If you were wondering where many of last season’s team went, well the answer was partly answered today as the visiting Barton Rovers squad contained a large number of ex Dunstable Town players – as well as the manager and his assistant. Being the closest club to us, geographically, it may not come as a complete surprise. Others of our former squad have reportedly signed for Chesham United.

Mark Boyce and Anthony Fontenelle, both ex favourites at Creasey Park named the following ‘old boys’ – David Longe-King, Jordan Odofin, Jetmir Esso, Adam Moussi, Nathan Olukanmi, Josh Oyinsan and Curtis Shaw. It is perhaps understandable that Yella would give ‘Boycey’ the heads-up with these players who were, by some accounts, unclear of the progress and the situation at Creasey Park in the close season.

Barton Rovers, are, of course, stalwarts of the Southern League Central Division, and were in the headlines recently following an armed robbery at their Sharpenhoe Road stadium. They, like their hosts have undergone a significant change of personnel, which is far from uncommon with any club.

It was thus of great interest to see how Tony McCool’s developing team would do against players who have had a significant experience of Southern Premier division football. Well, it was very tight with just the one goal, scored with about five minutes of normal time remaining. It was a cracking twenty-five yarder from Arel Amu that looked unstoppable.

This was not a game embellished with flamboyance but instead proved to be a most useful preparatory/training game where players could once again be scrutinised. It was not immediately fast-flowing either as we saw an almost immediate delay when the Dunstable bench had to sort their balls out, if you will pardon the expression. Conditions were not ideal since rain had persisted but held off for most of the game, which saw Rovers having more of the possession and an inordinate number of corners, some more enterprising than others but most notable for Garry Malone’s perception and agility in the Dunstable goal.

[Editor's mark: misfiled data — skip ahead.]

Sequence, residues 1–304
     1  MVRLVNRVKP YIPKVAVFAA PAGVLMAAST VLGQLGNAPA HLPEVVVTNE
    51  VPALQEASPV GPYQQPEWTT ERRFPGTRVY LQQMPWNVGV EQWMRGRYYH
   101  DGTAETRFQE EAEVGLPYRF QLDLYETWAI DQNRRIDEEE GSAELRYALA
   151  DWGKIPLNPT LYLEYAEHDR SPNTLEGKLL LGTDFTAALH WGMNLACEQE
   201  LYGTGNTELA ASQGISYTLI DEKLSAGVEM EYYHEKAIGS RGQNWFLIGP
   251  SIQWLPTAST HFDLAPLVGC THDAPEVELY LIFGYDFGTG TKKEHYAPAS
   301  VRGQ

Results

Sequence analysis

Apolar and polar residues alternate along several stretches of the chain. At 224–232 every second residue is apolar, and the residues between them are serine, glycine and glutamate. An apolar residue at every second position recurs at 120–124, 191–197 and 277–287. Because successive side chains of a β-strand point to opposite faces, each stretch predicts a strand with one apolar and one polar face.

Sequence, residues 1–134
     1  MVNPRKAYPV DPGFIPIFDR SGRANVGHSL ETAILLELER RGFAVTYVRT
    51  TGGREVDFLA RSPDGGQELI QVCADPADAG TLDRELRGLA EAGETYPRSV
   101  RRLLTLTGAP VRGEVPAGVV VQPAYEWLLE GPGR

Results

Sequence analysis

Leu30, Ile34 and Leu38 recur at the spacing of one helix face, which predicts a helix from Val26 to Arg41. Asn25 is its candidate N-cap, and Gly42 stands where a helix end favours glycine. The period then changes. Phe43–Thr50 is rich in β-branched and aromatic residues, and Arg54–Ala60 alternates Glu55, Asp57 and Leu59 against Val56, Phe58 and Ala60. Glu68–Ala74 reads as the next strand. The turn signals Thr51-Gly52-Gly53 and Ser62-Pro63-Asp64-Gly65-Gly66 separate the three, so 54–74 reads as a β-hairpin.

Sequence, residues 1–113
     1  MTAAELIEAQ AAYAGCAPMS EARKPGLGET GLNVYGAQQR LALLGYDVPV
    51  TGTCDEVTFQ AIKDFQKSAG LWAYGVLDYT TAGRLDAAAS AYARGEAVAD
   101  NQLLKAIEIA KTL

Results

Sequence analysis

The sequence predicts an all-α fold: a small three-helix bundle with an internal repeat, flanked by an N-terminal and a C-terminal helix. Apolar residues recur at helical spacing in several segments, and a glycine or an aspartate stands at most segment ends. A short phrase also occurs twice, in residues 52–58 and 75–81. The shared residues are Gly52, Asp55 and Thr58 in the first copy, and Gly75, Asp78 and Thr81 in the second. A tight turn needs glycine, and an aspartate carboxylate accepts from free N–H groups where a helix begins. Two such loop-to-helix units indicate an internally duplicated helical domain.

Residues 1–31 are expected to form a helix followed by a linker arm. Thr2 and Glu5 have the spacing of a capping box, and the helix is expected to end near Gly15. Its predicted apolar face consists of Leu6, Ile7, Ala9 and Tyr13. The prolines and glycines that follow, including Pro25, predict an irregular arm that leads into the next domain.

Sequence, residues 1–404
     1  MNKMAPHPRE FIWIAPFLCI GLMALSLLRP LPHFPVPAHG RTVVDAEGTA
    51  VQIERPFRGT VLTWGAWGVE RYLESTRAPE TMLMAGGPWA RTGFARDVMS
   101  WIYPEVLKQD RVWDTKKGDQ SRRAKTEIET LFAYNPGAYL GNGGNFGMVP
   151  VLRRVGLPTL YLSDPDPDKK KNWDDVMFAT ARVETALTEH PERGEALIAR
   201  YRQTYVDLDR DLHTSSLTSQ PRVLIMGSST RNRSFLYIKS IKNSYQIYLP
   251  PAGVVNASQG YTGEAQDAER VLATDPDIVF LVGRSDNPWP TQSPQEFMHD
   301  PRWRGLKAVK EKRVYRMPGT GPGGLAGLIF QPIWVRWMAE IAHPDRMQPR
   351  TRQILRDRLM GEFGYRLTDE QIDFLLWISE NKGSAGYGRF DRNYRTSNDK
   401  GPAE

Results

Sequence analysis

Crosses from Nathan Olukanmi and Ryan Haugh looked good for the visitors and there was a fair headed effort from Adam Moussi, followed by a half chance for Dunstable’s Kelvin Igweani, neatly foiled by Lewis Todd. Josh Oyinsan looked the most dangerous from the proliferation of corners and on a better day he might have bagged a goal or two.

Steady and prosaic the game continued with only gentle reprimands from referee Paul Forrester as tackles were made to appear all the more zealous on the soaked surface. But it was Barton who had shown the more flair in combinational play, turning possession into probing forward moves. Yet the Dunstable defence looked the best we have seen it so far. It was like an unspoken acknowledgement that with the league games approaching, they will be centre-stage and somewhat busy. Maybe I underline that since there were, to be fair, very few chances created for Dunstable as a direct goal threat. It is as if the team is still in self-discovery mode before it can introduce a bit of swagger – and there was a good deal of swagger and class about that late winning goal.

Onlooking Dunstable supporters took the view that this game so far had the hallmarks of a gritty league game and that their team had contained threats, competed well but had not yet produced a zesty move forward that begged the perfect cross and the exuberant finish.